You Just Bricked Hundreds of Devices.  Now What?

December 20, 2017


The famous Pixar movie, Finding Nemo, ends with the fish from the aquarium escaping back to the ocean in sealed plastic baggies.  After celebrating their “success,” the porcupine pufferfish, Bloat, asks, “Now what?”

Asking “Now what?” is pretty good sign that you are in a situation that you hadn’t planned for or fully thought through.  Recently, smart lock manufacturer LockState found themselves in a “Now what?” situation.  The company had pushed out an over-the-air (OTA) firmware update to its model 6000i RemoteLocks, but the update failed, rendering the locks inoperable and unable to receive further OTA updates.  In other words, the update “bricked” about 500 smart locks.

The unthinkable happened—an OTA update bricked hundreds of remote customer-owned devices and they won’t accept another OTA update.  “Now what?”

An article on bleepingcomputer.com included the response sent to affected LockState customers.  It offered two solutions:

Option 1:
The customer ships the smart part of the lock back to the manufacturer so it can be updated.
Total time to fix and return:  5-7 days

Option 2:
The manufacturer ships out a replacement smart lock and the customer sends their faulty unit back to the manufacturer.
Total lead time to receive replacement lock:  14-18 days.

The above scenario, or ones that are similar, should remind designers of Internet-connected devices (aka cloud-connected devices) that support OTA updates to have a solid “Plan B” method for updating their devices in case an OTA update fails, or worse yet, bricks the units.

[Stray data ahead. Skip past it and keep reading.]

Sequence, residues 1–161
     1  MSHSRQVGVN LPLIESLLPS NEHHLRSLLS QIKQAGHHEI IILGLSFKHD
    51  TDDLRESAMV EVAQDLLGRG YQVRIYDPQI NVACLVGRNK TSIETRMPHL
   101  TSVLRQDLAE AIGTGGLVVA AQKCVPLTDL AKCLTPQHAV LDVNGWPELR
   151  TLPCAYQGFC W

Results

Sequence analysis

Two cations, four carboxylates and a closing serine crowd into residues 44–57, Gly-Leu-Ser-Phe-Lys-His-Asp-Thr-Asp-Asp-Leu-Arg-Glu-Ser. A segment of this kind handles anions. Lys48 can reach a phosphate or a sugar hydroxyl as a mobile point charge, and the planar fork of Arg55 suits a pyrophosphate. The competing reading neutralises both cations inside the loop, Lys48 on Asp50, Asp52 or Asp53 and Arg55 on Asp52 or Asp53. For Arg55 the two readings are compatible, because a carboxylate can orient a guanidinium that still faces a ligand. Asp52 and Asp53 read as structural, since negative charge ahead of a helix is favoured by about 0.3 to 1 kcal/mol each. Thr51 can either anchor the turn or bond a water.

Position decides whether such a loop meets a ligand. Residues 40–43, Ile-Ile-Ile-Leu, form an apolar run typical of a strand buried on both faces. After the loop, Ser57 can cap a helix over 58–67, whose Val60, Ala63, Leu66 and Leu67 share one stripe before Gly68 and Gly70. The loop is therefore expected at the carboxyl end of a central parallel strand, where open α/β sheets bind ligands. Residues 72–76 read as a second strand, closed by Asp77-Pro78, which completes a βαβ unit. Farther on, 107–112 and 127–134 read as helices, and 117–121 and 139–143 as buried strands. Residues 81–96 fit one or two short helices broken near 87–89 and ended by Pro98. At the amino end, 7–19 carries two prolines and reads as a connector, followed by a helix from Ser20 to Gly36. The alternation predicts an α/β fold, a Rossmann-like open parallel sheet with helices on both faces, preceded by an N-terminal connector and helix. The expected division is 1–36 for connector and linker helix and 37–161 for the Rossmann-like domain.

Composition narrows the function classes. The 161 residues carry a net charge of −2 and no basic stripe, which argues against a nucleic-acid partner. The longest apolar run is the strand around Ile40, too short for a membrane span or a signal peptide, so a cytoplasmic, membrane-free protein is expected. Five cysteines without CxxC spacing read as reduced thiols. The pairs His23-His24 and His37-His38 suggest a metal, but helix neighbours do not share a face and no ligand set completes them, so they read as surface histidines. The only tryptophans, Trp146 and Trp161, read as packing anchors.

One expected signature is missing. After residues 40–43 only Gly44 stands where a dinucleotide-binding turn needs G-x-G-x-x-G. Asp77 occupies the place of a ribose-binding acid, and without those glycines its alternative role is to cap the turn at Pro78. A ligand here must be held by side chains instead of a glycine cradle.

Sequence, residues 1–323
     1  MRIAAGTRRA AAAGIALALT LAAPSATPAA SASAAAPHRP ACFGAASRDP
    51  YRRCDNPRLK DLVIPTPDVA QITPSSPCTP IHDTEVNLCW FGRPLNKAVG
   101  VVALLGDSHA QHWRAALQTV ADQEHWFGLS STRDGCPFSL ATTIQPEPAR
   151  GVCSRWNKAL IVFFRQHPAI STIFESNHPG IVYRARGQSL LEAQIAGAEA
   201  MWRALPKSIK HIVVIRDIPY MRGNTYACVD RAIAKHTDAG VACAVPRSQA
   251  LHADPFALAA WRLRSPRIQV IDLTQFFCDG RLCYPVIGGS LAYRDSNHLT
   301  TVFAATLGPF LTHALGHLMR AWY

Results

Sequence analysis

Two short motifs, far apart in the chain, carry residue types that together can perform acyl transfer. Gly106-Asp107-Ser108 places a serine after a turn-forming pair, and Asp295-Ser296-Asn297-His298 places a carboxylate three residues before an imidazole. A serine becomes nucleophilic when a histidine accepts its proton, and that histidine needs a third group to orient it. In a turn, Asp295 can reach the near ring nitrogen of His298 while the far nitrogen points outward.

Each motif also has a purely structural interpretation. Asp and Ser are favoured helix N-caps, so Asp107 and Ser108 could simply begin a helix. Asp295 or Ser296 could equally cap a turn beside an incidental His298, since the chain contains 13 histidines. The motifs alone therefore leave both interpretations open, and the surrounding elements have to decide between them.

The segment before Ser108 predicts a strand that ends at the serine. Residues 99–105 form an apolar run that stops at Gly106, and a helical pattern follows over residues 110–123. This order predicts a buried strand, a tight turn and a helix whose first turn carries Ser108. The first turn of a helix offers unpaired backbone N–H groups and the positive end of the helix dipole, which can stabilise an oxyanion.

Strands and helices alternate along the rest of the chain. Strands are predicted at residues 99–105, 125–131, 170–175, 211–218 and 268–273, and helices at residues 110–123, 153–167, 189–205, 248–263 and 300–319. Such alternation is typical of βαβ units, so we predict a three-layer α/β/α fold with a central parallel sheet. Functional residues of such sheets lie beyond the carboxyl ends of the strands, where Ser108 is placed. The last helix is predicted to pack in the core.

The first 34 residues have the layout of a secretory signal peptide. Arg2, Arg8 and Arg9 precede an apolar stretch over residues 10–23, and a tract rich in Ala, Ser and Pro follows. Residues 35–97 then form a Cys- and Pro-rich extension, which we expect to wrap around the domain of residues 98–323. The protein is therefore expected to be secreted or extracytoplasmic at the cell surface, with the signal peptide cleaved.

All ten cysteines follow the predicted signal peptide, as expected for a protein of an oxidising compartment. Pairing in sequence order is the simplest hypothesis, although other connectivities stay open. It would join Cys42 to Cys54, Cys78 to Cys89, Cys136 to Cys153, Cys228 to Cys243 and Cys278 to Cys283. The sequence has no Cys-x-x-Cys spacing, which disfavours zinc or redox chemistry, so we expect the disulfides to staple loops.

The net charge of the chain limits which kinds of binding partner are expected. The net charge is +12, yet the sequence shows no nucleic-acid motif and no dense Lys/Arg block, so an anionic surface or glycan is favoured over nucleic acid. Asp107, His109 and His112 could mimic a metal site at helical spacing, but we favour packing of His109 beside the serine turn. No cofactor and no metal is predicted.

White Paper: Removable Memory Key to Successful OTA Firmware UpdatesATEK engineer, Lynn Linse, recently wrote a white paper on this topic titled:  Removable Memory Key to Successful OTA Firmware Updates.  The paper discusses that IoT devices, especially those that use mobile/cellular communications, often have units that fail to update after an OTA update push.  The white paper explores various methods of updating firmware when an OTA update fails.  The benefits of using removable memory for manual firmware updates and other functions are discussed.  The paper also explores why OTA updates fail and provides helpful hints to maximize OTA update success.

To learn more about the white paper or to download it, please visit our download page.

If your company has or will be developing a cloud-connected device that may support OTA firmware updates, I would highly recommend you download this helpful resource so you can avoid saying, “Our OTA update just failed.  Now what?”

Paul Plitzuweit
Senior Product Manager, Datakey
ATEK Access Technologies, LLC


Tags: iot , ota , over-the-air , firmware update , remote update , failed update , removable memory